And a Swiss rapper went to New York to get inspired.

In his own language, yes, inspired.

As street lights conspired, like the stars over the alps.

Being Helvetic, it sometimes helps.

He doesn’t frequent any restaurants from home.

He doesn’t talk to friends who speak his tongue.

Nobody knows him as he strolls along


Wall Street seems so overwhelmingly big,

Even when compared to Mountains: his gig.

And the Swiss rapper gets inspired. He does. He gets inspired.

Words formulated in his mind.

One of a kind.

And the city that inspired him, it won’t ever understand.

The Swiss rapper raps in a country of advanced age. Nobody enjoys his art.

He is skilled, his rhymes are state of the art.

Like shit from the MOMA, but in Lucerne, Europe Square 1, they don’t care.

In St. Gallen, they call it stuff for a fair, a sordid affair.

Blush, cry, click, click, gone.

The Swiss rapper expresses himself in an underappreciated art form.

Shooting questions at him, drilling holes into the cheese.

With lame puns like these, do you think you appease?

Looking over the Hudson, he dreams of the Zürisee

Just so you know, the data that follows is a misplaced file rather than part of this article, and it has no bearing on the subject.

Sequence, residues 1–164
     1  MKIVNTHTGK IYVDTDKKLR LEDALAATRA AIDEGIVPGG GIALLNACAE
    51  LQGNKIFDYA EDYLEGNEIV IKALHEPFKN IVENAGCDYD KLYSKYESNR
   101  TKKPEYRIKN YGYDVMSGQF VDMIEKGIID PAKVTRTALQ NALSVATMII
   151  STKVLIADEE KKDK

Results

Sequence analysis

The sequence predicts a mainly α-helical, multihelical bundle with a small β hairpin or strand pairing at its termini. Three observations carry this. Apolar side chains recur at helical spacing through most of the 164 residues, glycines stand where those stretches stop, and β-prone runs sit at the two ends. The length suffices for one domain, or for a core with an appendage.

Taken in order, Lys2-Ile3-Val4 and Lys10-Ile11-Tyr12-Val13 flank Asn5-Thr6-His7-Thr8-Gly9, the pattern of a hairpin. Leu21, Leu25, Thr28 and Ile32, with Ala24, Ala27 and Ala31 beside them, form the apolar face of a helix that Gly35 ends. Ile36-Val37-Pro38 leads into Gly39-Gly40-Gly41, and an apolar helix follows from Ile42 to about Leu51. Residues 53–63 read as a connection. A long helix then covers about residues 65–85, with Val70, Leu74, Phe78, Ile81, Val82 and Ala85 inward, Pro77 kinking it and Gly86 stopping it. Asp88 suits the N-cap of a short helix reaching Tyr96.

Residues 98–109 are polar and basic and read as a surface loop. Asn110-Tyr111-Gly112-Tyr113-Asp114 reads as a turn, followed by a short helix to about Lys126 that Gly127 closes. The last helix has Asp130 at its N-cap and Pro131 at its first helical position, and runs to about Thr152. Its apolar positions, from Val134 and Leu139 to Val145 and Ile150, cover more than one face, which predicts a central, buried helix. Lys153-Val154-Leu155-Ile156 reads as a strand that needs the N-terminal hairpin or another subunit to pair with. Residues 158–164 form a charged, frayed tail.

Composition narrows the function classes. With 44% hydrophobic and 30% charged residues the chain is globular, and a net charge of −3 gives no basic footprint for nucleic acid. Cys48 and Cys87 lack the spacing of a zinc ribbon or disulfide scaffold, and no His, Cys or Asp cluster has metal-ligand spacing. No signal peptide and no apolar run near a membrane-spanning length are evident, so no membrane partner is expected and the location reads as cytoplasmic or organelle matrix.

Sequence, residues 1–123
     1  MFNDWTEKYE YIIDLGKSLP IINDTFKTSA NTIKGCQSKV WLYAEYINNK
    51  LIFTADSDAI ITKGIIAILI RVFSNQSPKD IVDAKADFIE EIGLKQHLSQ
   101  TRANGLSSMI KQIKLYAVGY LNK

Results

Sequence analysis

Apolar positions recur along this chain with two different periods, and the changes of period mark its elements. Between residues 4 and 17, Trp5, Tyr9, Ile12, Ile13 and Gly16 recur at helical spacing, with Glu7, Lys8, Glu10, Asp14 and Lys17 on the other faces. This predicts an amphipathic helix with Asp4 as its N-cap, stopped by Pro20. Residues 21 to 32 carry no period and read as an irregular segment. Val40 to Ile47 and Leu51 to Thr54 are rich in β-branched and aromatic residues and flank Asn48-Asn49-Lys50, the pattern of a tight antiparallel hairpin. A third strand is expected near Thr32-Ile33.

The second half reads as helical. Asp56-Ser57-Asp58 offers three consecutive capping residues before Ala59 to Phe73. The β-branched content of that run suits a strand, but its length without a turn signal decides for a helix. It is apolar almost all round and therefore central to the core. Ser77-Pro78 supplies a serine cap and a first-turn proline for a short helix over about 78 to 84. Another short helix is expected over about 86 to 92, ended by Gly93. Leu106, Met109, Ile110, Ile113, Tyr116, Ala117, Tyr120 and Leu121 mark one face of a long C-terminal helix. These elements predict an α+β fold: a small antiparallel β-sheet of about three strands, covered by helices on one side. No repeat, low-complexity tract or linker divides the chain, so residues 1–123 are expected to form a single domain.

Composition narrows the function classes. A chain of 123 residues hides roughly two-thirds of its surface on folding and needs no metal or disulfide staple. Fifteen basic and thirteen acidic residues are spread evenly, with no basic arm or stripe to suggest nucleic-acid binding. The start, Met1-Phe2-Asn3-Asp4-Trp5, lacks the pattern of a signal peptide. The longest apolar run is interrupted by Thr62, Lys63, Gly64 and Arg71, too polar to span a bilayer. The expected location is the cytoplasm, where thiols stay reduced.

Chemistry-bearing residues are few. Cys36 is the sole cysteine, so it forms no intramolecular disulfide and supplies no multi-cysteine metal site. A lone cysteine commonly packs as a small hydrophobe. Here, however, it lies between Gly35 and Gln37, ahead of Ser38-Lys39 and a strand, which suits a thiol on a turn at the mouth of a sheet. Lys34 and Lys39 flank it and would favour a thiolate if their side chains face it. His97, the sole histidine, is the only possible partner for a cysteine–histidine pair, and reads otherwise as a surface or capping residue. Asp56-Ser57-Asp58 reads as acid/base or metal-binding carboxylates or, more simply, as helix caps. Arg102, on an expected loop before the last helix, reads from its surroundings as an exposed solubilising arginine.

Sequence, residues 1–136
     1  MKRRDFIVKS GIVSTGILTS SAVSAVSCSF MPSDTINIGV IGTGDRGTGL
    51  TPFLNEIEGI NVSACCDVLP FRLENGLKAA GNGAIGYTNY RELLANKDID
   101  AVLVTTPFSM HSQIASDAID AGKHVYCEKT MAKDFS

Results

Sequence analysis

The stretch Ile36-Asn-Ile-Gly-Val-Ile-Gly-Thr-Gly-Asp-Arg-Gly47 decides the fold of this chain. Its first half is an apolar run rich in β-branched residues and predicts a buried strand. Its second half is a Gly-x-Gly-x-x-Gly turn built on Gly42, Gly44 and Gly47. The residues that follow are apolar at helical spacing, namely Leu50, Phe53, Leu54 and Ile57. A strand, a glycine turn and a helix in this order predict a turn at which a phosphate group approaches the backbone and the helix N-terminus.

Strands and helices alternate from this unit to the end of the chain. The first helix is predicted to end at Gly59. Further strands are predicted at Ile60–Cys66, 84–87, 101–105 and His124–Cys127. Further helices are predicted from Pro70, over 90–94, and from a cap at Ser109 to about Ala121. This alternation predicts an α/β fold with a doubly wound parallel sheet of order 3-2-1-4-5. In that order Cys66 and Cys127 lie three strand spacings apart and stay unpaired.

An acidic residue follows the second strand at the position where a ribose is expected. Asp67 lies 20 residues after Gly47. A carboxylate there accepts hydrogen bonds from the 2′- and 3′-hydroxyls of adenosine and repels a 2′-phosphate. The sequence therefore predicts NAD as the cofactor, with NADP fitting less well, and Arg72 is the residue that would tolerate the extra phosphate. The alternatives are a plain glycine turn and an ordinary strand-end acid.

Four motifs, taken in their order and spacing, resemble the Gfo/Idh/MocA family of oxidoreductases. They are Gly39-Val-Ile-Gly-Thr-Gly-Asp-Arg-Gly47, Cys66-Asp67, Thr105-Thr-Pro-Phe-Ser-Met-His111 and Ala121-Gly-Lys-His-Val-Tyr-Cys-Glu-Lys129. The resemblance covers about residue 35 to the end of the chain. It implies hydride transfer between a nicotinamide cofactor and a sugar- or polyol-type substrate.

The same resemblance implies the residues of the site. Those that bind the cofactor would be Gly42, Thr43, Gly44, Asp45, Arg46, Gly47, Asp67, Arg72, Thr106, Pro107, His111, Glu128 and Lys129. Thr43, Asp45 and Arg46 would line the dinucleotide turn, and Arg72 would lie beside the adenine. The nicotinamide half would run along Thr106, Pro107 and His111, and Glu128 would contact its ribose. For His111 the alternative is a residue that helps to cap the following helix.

Why don’t you drink champagne, why so blasé?

You try to put your whole energy into crafting something, like a nugget, pure gold.

Only to be told

That it’s worthless because you’re bold, because you were born where people are old.

A foreshadowing, foretold. An alphorn in the distance. In Harlem they kill over mold.

Blatantly ignoring what looks so forlorn but what shines brighter than American teeth.

You heard him, he’s churning; the lady’s not for turning.

Smooth butter from milk, if words were a fabric: silk.

But in a language without audience, is he just rambling?

Scrambling to make a dime, maybe now’s his time.

But current trends predict otherwise.

They told him to come to New York.  Wise?

And the Swiss rapper is doing something no one can understand.

If he wanted to reach his people, his art’d have to be bland.

So, like Van Gogh, he will be appreciated when he’s gone.

Perhaps. At least the sun shone

Over the Hudson. He was the watchmaker’s mad son.



Leave a Reply

Fill in your details below or click an icon to log in: Logo

You are commenting using your account. Log Out /  Change )

Google photo

You are commenting using your Google account. Log Out /  Change )

Twitter picture

You are commenting using your Twitter account. Log Out /  Change )

Facebook photo

You are commenting using your Facebook account. Log Out /  Change )

Connecting to %s